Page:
Bankers may not have gone to jail as a result of their failure to manage the financial turbulence of the last few years, but politicians are determined that there should be no repeat of the mismanagement and greed that caused it. The issue is not just one of punishing bankers for their neglect during the crisis; it is the protection – even retrieval—of the ethical reputation of London’s financial markets.
The recent disclosure that the UK’s Financial Conduct Authority began 104 investigations in 2014i, compared to just 90 in 2013 indicates a new degree of regulatory hyperactivity in the UK. The same disclosure also shows that the regulator is not disclosing many of the outcomes of its investigations, after a deal has been reached.
A much more abrasive relationship is now experienced by regulated firms, with regulators stating that their system is designed to provide a ‘credible deterrence’ to any firms seeking to game the system. This expression was first used to refer to penalties for criminal activity, such as market abuse or insider trading. It was more recently used by Sir Hector Sants, the previous head of the FSA. Regulation of day-to-day banking activity is now underpinned by a nuclear option. One legal firm said, ‘we are travelling down the American path to much tighter implementation of rules and much harsher penalties’.
The FCA, which supervises some 26,000 firms, with a budget of £450m, had its authority increased when supervision of the LIBOR markets – tarnished by scandal– was removed from the British Bankers Association and handed over to the key national regulator.
All stages of the regulatory process, through routine supervision to enforcement, are now infused with great suspicion of the motives and competence of regulated firms. The latter stage of the process attracts most attention. The head of the UK’s Prudential Regulatory Authority – the UK regulator of the largest financial institutions and insurance companies overseen by the Bank of England — Andrew Bailey, meantime has recently threatened to ‘hold the feet to the fire’ of HSBC, whose Swiss bank has been found to assist tax evasion by its customers. The bank had already been heavily fined in the US for money laundering breaches by its Mexican operations. American regulators have flexed their muscles in recent years, imposing multi-billion fines on BNP Paribas ($8.9 billion ) and Standard Chartered Bank (a mere $1.9 billion) for similar abuses.
The regulator today determines the rules of engagement with the institutions they supervise. They insist on going much further than the compliance checks in the lower echelons of the company, which characterised ‘light touch’ regulation of the last decade. The UK’s Financial Conduct Authority, for example, expects to be briefed by the chief executive about a firm’s strategy, personnel changes, developments in business lines and system problems. Jonathan Herbst, a partner at Norton Rose Fulbright, says ‘The regulator needs to understand every part of a business’s activity, especially if it has systemic applications. He wants to know where it is making its money and how. He expects to be informed when there is a development at the bank. He insists on having access to the CEO. This is the basis of the relationship with the regulator. Most CEOs have got the message and those that don’t may learn the hard way. When management says, this is our plan and this is how we manage it, the FCA doesn’t say, ‘that’s fine, we’re just a regulator, we know less than you about it’. It is a very different world. The FCA is a quite different regulator to the FSA [the preceding authority, replaced by the FCA and the PRA in 2013]. It is a powerful reality.’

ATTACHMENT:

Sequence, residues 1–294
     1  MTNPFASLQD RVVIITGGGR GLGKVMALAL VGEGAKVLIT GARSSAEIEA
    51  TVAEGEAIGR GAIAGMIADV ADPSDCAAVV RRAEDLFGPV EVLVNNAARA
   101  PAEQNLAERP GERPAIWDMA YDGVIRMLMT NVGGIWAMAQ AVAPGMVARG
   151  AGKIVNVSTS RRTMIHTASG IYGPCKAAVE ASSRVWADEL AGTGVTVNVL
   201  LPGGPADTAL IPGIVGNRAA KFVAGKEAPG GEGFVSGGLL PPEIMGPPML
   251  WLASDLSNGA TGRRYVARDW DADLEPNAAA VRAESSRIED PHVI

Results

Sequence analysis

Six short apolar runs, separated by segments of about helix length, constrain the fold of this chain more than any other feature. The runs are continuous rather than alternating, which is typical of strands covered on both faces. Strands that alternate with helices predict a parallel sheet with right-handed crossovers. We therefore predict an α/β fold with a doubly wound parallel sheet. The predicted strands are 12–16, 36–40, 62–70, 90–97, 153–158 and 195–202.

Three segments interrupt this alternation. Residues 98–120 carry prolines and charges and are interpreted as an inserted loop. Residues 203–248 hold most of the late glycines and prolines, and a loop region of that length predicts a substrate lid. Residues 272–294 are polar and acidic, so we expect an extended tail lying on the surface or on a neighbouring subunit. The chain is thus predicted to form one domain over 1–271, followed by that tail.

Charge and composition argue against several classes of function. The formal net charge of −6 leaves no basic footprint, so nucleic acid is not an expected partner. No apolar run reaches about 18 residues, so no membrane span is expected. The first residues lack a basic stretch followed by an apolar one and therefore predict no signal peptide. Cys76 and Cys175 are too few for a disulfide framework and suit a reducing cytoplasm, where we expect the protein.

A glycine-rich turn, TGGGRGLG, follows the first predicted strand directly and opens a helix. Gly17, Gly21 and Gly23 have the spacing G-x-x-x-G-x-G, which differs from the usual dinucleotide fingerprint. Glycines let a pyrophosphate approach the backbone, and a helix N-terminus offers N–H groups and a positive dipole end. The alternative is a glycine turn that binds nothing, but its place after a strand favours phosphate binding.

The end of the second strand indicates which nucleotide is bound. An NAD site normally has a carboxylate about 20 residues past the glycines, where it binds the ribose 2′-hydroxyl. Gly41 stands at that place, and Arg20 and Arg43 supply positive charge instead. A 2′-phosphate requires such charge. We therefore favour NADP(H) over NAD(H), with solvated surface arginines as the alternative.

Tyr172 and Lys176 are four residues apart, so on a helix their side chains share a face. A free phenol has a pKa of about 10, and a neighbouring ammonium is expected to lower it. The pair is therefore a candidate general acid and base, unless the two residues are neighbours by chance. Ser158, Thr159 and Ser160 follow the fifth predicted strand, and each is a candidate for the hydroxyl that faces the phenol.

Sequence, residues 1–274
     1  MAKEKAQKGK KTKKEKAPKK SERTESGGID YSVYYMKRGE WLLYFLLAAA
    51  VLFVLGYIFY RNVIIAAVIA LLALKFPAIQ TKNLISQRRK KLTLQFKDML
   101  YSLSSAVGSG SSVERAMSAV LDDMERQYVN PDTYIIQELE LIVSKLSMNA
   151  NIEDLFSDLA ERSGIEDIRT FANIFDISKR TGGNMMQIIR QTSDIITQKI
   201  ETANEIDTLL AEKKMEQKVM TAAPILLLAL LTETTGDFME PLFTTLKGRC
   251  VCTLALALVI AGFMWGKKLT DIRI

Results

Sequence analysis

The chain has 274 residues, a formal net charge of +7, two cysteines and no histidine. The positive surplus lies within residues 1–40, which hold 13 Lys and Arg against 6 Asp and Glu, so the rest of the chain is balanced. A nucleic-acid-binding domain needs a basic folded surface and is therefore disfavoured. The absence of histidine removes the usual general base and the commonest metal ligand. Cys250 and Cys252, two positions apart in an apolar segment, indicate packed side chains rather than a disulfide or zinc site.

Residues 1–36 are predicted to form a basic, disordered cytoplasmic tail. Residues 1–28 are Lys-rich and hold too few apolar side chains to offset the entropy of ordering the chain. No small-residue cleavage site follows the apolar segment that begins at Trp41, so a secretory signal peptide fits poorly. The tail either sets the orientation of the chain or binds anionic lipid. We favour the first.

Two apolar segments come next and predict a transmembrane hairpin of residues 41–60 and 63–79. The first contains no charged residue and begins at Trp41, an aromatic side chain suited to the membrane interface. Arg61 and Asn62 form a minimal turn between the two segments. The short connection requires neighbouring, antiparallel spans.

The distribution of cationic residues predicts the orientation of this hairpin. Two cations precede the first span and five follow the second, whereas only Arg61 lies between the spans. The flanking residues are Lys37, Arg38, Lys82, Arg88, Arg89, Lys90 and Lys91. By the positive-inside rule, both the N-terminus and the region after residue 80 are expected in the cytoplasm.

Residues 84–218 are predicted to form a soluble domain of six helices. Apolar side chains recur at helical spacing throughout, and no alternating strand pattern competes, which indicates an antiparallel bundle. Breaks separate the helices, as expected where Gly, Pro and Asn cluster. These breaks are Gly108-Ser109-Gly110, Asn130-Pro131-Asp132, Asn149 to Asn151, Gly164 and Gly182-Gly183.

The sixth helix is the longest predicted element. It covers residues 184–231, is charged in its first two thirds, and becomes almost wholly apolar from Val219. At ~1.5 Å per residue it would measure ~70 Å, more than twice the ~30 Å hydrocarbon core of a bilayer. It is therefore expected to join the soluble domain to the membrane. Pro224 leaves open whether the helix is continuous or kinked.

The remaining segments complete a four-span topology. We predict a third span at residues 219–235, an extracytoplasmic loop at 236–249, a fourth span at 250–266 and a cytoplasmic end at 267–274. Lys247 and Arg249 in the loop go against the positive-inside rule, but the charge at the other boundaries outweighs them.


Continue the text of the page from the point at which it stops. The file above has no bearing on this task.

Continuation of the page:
The regulator makes no secret that it wants to be interventionist, and expects to receive details about a company at an early stage of any corporate action. One bank was preparing a major cross-border takeover of another financial institution before it informed the regulator. The matter was disclosed to the media and the regulator hauled it in and gave it a black mark for not informing it, according to Tony Woodcock, a partner at UK law firm Stephenson Harwood. The bank had always intended to report the takeover, he says, but decided to wait until the bid was further along the path to implementation before reporting it as a previous bid by the company had failed after news was leaked. Managers suspected the leaks came from the regulator and they were reluctant to make an early report. ‘They got slapped over the wrists.’
The severity of BNP’s massive fine referred to above arose in part from the view that the bank was not taking its American regulators with due seriousness, according to one lawyer close to the case who did not wish to be named. They reached this conclusion because the bank was slow to respond to regulators’ demands for documentation. ‘They were not as helpful as they should have been. Regulators no longer have an implicit trust of banks and they immediately suspect that the bank has something to hide, whether it was the case with BNP or not.’ Lawyers wishing to be more charitable to the bank see a cultural breakdown, with Swiss values of privacy over-riding those of openness, expected by the US regulator. Scott Maberry, a partner of US law firm Sheppard Mullin, says, ‘It is not natural for a proud business executive to cooperate with outside regulators. They are at the top of their profession, they are contributing disproportionally to the economies of their country. Their own counsel don’t always understand that and they need a lawyer to bridge the clash of cultures. Foreign banks working in the US do not grasp the leverage situation. They tend to over-estimate their own leverage, that is their own ability to say to the non-US investigator, get lost. They will do that and that will set them down the path of non-cooperation which leads to adversarial decisions and compromise their ability to settle the case.’ The intervention of the French Minister of Finance into the case, attacking the expected size of the fine, was seen as intruding on the regulators’ autonomy. James Odell, a lawyer at Blank Rome, a New York based law firm, said that ‘It is critical to understand the aggressive mentality of some US enforcement regulators and to deal with them directly.’ BNP Paribas told Operational Risk and Regulation magazine that the ‘matter was settled and in the past.’